After payment history, debt is the second most important factor in your credit reports. When most people think of debt in relation to their credit scores, they probably think in terms of how much they owe. But credit scoring models often look at it somewhat differently.
While the amount you owe is important, even more important is how you are managing your revolving accounts such as credit cards. Here, most credit scores will calculate something called a “debt usage” or “utilization” ratio. To do this, the balance on each of your credit cards or other revolving accounts will be compared to the credit limit on that account. In addition, an overall debt usage ratio will be calculated as well.
What Is a Debt Utilization Ratio?
A debt utilization ratio can apply to an individual or a business. It’s a financial metric that measures the percentage of available revolving credit that you or your business is currently using.
A high ratio may suggest that your business relies heavily on debt financing, which could bring financial risks if not managed effectively. Lenders and investors often assess this ratio along with other financial metrics to evaluate the financial health and risk associated with lending to or investing in a particular business.
Now how to calculate your credit utilization ratio. Let’s use an example and say you have access to a combined $25,000 in a line of credit and business credit cards. If you’re using $5,000 of that available credit, your debt utilization ratio is calculated as:
$5,000 / $25,000 = 0.20
In this case, your debt utilization ratio would be 20%.
Lenders often prefer to see a lower debt utilization ratio since it indicates a more responsible use of credit. Monitoring your business’s debt utilization ratio is important for maintaining its financial health.
How Does Debt Usage or Utilization Affect Credit Scores?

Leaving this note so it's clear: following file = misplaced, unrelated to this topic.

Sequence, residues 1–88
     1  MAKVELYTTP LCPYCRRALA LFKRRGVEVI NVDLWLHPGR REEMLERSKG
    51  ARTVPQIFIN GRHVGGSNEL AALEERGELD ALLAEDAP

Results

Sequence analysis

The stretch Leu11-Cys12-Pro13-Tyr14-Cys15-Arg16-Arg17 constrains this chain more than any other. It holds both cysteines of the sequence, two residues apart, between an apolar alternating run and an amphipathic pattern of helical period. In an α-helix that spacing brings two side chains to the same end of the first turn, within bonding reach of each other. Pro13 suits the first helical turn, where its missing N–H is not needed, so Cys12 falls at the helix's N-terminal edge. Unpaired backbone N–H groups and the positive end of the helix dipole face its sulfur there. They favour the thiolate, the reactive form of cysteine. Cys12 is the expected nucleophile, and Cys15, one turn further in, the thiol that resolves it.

There’s no hard and fast rule about what is a “good” ratio. But it is one of the factors that affect your credit scores and creditworthiness, and the impact in part depends on all the other factors in your credit reports.
But FICO does say that consumers with the highest scores from credit bureaus tend to use less than 10% of their available credit. Credit scoring expert Barry Paperno, who worked at FICO for many years, says that if you keep your debt usage below 20% to 25% you should be OK for that factor.
Want to check your debt usage ratio? Sign up for Nav to get it along with monthly credit summaries or reports.
But I Pay In Full!
Paying your balance off in full doesn’t necessarily guarantee a low debt usage ratio. Why not? Because in many cases a balance will be reported before, not after, you make a payment.
In the case of credit cards, for example, many issuers will report your balance at the end of the billing cycle, when they generate the statement. So let’s say your billing cycle for a credit card ends on January 20th. A few days later you get a statement telling you that you owe $495 and you have the option of paying that amount in full or making a minimum payment. Either way you have until February 19th to make your payment. Around that same time, it tells the credit reporting agencies (Equifax, Experian and TransUnion) that you owe $495. It doesn’t matter whether you pay that entire balance off by the due date or not; the balance has been reported and will be used to calculate your utilization.
That may not be a problem if you aren’t using your card heavily, but if you have a relatively low credit limit (say on a retail card or a secured credit card, for example) then a small balance could result in high utilization. Or if you use your credit card to pay for everything you can in order to earn rewards, you could end up with a very high ratio here.